This 2018 post was migrated from an old site, Axis Mundi Healing Arts.
Americans often associate acupuncture with chronic pain treatment, while many other patients come in for hard-to-pin-down ailments that fall through the cracks of Western diagnosis. It comes as a surprise to many to learn that Chinese medicine (including acupuncture, moxibustion, cupping, and herbal treatment) is highly effective for treating acute injuries and physical trauma.
I learned this firsthand while a studying for my oriental medicine degree at NUNM in Portland, Oregon. One day I was hurrying off to my very first clinic shift, and I stubbed my toe--hard. By the time I got to look at it, the toe was blue-black and swollen: my first ever fracture, albeit a small one. I headed to a community clinic where the practitioner was known for his skill with traumatic injuries. He worked on me for maybe 20 minutes, first pulling the toe to relieve the jam and straighten the bones, then applying an external liniment, and doing some acupuncture. He sent me home with some herbal pills and let me borrow a cane. I expected to be hobbling around for weeks. But five days later, I was walking with barely a limp, and within ten days I was back to normal. I admit that I, even as a believer in the potency of traditional East Asian medicine, was quite amazed at these results. I imagine if I'd gone to urgent care or the ER, they'd have had nothing for me but some ibuprofen.
While I don't claim to possess the skills of an old-school Chinese bonesetter (something of an endangered clinical specialty these days), I've had occasion to treat plenty of contusions and sprains, and find these cases satisfying for the quick, obvious results that can be achieved. Of particular interest to me recently are the many different external-use liniments that can be applied to good effect in case of injuries like these. (I make several different liniment recipes for use at different stages and in different types of trauma).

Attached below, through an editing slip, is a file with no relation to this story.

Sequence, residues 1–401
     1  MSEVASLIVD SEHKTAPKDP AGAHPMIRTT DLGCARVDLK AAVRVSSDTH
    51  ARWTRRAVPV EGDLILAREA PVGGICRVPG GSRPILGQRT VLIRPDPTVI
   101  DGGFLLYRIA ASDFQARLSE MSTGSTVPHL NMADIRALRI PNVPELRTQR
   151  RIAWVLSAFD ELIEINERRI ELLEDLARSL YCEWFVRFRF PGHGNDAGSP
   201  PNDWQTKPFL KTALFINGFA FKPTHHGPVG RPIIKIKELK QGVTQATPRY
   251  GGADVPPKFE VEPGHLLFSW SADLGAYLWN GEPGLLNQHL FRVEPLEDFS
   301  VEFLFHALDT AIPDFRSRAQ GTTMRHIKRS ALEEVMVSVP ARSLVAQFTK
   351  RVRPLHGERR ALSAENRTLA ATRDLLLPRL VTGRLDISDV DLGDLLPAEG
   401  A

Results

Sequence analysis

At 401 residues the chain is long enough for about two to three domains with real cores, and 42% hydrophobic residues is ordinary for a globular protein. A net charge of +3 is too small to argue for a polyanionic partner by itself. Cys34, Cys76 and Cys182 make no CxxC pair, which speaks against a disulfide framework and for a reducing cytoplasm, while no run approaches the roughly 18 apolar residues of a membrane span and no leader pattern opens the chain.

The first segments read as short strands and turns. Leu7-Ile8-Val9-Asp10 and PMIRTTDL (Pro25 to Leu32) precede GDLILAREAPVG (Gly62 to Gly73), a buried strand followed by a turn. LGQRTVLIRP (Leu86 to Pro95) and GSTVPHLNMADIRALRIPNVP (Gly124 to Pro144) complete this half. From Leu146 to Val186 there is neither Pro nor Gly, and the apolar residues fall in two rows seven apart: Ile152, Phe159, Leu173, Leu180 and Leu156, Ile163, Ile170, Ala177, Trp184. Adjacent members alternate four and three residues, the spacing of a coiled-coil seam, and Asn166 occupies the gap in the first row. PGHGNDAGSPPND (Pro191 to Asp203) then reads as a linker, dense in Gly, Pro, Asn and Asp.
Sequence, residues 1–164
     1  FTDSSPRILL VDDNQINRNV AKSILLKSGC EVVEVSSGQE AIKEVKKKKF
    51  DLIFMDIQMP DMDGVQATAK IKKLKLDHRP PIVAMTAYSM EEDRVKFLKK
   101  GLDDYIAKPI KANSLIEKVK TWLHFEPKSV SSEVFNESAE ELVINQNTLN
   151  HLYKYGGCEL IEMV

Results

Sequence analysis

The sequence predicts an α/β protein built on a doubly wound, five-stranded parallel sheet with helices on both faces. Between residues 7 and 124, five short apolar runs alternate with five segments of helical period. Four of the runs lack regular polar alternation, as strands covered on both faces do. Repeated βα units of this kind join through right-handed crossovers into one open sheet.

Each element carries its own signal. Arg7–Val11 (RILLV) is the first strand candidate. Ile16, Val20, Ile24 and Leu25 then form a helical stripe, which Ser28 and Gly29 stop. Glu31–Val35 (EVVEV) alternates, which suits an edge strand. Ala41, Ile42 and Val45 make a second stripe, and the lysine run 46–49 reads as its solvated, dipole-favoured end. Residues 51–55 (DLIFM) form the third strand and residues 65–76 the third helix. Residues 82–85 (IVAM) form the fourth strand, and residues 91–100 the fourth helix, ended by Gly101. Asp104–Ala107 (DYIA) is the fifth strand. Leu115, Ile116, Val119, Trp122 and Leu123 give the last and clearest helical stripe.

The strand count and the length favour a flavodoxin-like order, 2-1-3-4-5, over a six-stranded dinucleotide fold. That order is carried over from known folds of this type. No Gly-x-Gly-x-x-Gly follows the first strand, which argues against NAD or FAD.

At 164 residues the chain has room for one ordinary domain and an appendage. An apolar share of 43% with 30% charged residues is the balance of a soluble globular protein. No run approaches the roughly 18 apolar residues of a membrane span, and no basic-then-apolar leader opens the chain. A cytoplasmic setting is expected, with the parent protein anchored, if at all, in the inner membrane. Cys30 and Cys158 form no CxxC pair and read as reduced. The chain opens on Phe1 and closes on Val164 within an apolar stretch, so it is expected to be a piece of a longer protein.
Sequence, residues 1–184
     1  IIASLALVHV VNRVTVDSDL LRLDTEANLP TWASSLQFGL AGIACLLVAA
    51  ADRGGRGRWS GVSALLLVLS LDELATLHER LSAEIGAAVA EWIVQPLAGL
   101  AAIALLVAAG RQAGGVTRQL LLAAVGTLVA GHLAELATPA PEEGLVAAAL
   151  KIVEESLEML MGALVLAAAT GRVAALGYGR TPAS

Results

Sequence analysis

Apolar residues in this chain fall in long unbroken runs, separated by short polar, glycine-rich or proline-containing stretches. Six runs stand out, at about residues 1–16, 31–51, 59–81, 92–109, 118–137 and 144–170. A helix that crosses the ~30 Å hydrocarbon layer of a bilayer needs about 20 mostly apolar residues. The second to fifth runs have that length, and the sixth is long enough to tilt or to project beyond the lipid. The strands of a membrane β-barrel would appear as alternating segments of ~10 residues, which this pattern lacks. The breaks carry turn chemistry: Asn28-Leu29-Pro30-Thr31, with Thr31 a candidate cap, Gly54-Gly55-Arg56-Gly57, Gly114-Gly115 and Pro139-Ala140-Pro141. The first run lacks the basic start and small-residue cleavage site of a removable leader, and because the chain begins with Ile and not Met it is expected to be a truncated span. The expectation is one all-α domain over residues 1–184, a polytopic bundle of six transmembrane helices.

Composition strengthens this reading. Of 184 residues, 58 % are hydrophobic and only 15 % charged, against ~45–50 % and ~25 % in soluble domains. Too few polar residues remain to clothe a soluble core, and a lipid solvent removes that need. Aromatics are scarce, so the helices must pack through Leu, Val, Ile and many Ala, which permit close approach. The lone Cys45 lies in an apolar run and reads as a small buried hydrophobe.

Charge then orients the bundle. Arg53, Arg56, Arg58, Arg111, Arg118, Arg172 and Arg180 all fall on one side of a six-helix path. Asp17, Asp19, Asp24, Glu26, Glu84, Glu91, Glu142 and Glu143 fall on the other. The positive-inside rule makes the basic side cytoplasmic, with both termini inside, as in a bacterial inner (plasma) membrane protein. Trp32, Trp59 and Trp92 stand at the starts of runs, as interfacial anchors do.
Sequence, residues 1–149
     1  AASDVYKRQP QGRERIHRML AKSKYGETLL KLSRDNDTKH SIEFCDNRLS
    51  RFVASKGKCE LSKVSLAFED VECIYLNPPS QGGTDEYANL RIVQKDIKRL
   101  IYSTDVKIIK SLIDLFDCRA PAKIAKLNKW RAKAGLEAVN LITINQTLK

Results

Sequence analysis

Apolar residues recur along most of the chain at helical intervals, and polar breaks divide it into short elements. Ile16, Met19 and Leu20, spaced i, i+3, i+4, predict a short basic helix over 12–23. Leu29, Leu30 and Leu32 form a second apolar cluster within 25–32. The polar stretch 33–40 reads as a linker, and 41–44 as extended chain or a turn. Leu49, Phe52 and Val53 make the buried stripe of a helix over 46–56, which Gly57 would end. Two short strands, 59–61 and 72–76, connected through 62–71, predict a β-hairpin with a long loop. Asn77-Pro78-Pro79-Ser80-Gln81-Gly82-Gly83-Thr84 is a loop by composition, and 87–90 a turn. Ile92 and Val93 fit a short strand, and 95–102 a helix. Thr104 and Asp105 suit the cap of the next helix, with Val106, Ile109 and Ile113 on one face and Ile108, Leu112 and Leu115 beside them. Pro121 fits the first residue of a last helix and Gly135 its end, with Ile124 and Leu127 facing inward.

Rule number one in trauma treatment: avoid ice! As the Chinese saying bluntly puts it, "ice is for dead people." It causes tissue to contract, inhibiting circulation and, with it, the body's healing response. External-use herbal liniments make an effective, pain-relieving alternative that will work with, not against, your bodily intelligence.
Another pointer: always treat a bruise. Blood pooling and congealing outside the vessels is a form of stagnation that can lead to other problems when left untreated. A simple Dit Da Jow or blood-moving liniment is effective and painless; in a pinch I've had folks make up their own version from kitchen spices and vodka to good effect.
I hope this brief post will encourage folks to seek a traditional herbalist or Chinese medicine practitioner first when dealing with minor to moderate injuries, as well as for long-term recovery from serious ones.